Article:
Unapproved Stem Cell Therapies Offered in China Disregards Current Regulations

Unapproved Stem cell treatment for autism, spinal injuries, Parkinsonism and diabetes are being offered in various Chinese health institutes, thus ignoring the Ministry of Health’s regulations of a few months old.

In 2009, the Ministry categorized stem cell research a grade 3 health technology and labeled it as high risk. In January, the ministry required all those utilizing stem cell treatments to register their research and halt treatments until proven. In addition they have to secure an ethical clearance. So far none of the health institutes that offer stem cell treatments have contacted the  Chinese Ministry of Health and they are openly advertising their unapproved treatments via their websites. The offered treatment is quite expensive, for example, the  treatment of Alzheimer’s disease could cost US$4,750–7,900.

Experts in the field confirm that stem cell interventions have yet been shown to cure diseases and is still in the research phase.  Zhou JingLi, chief neurologist at Beijing Puhua, whose institution’s claim to cure autism with stem cell injections, support the idea for clinical trials but says ‘who’s going to pay?’. For her the response of patients to the treatment is good enough proof of its safety and effectiveness. Stem cell experts warn of possible cancer and autoimmune diseases as side effects of the therapy. In addition, the therapy may show initial improvement of disease but there is no evidence to prove long term effects of such therapies.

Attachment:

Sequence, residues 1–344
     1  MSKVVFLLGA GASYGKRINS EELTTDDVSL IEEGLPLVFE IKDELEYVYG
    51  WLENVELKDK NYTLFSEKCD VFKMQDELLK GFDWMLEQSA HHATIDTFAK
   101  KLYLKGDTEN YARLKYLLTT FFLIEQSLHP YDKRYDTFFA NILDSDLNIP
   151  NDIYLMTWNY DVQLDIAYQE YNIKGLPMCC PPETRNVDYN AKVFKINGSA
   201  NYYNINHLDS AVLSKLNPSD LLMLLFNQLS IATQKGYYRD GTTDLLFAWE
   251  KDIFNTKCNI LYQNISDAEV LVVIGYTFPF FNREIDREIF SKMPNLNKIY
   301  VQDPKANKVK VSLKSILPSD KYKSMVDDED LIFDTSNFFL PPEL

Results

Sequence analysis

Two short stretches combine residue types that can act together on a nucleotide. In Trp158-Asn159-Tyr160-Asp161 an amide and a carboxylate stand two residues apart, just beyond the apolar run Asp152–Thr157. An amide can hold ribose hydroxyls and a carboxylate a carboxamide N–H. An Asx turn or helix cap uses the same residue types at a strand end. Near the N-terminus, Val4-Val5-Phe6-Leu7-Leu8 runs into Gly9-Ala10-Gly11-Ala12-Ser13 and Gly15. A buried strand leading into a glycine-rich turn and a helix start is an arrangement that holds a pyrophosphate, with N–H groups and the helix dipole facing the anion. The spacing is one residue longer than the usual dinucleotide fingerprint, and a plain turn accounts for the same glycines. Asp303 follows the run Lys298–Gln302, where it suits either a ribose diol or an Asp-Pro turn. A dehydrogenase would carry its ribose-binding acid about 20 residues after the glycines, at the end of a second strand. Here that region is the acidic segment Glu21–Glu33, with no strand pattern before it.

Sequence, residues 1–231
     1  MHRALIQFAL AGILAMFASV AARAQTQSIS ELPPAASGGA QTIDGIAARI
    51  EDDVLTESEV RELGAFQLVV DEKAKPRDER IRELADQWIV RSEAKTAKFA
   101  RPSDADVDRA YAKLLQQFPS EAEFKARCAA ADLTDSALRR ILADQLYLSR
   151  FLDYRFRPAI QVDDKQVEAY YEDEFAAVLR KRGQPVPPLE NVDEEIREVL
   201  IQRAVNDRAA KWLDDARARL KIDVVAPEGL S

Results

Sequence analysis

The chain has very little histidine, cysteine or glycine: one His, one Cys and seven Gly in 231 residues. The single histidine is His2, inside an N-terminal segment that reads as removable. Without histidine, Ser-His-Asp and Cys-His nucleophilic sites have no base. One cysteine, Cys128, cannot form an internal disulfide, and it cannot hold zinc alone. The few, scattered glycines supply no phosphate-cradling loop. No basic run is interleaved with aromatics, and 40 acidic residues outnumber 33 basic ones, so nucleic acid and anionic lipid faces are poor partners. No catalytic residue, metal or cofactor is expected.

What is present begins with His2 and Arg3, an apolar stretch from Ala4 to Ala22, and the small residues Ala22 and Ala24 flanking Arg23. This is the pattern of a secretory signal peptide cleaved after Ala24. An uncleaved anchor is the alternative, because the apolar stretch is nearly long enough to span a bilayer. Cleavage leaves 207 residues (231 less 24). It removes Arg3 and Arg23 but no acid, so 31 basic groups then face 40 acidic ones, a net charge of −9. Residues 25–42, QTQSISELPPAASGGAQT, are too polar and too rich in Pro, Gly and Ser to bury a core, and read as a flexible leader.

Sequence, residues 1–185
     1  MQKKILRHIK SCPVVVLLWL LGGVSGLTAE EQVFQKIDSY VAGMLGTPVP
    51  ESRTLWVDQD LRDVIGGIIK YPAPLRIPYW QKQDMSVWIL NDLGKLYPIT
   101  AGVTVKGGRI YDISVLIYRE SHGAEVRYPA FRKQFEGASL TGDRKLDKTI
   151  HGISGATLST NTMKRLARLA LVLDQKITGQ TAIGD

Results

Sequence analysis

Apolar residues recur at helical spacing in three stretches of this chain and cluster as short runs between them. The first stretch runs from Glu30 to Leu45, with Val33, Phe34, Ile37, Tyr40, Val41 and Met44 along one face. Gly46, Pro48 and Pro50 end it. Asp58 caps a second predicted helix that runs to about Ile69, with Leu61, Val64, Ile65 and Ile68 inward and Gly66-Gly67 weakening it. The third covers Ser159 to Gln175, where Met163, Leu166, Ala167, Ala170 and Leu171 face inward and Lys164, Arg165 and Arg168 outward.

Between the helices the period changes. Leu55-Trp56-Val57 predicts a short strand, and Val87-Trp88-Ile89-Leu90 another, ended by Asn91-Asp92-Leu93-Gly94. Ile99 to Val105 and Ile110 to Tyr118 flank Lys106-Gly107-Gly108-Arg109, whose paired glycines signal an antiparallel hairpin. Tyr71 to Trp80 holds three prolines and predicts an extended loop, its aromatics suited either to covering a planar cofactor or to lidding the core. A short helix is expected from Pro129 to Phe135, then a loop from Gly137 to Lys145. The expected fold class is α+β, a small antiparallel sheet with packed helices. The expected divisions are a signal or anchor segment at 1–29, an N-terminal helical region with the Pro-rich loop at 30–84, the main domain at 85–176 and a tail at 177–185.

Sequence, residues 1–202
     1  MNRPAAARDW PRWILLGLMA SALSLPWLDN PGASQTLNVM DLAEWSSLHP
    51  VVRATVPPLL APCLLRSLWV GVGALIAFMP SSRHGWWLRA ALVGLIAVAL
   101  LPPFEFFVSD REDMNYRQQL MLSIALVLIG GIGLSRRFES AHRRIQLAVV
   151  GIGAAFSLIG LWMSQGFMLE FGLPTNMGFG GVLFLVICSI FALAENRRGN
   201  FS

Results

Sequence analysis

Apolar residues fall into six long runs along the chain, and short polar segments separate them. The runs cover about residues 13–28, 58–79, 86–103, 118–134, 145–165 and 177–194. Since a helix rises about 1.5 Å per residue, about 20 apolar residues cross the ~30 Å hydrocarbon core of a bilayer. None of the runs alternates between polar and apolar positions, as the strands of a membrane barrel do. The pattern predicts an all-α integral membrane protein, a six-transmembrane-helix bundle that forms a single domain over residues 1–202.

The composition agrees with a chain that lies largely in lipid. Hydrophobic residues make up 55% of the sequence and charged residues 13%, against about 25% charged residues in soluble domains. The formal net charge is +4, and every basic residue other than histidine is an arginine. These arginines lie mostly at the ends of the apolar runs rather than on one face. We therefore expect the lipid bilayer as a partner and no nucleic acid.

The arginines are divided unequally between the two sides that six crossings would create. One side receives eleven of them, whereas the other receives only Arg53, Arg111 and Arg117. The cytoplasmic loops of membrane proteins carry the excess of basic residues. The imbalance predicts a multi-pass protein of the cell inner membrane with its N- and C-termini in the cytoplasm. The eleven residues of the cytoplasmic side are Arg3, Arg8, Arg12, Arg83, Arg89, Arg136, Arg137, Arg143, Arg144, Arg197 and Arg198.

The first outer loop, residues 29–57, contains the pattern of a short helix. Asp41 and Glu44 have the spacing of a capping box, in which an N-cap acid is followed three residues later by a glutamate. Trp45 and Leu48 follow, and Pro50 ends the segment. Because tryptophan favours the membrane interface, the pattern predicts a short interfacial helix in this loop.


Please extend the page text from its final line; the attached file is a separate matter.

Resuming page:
Besides insufficient scientific evidence of effectiveness, some of the institutes allegedly have ties with powerful political figures and lead scientists in China. In such one case Li Lingsong, director of the Peking University Stem Cell Research Center, is named as a member of the scientific committee of Shanghai WA Optimum Health Care, a stem cell company. Dr Lingsong negated such claims and insisted he asked the institute to remove his name from the committee.

Some of the stem cell companies declared some sort of collaboration with reputable US institutes, such as Harvard Medical School and University of California, Irvine but when questioned by Nature team, they denied such connections.

Only one company, Shanghai Puhua, was mindful of the government’s regulations and stopped its stem cell therapies. The government representative confirmed the need to work on implementing the regulations and stated ‘We’re in China, so there are different stipulations.”

To read more about the story visit the Nature links

China’s stem-cell rules go unheeded

Stem-cell laws in China fall short


Nature news.

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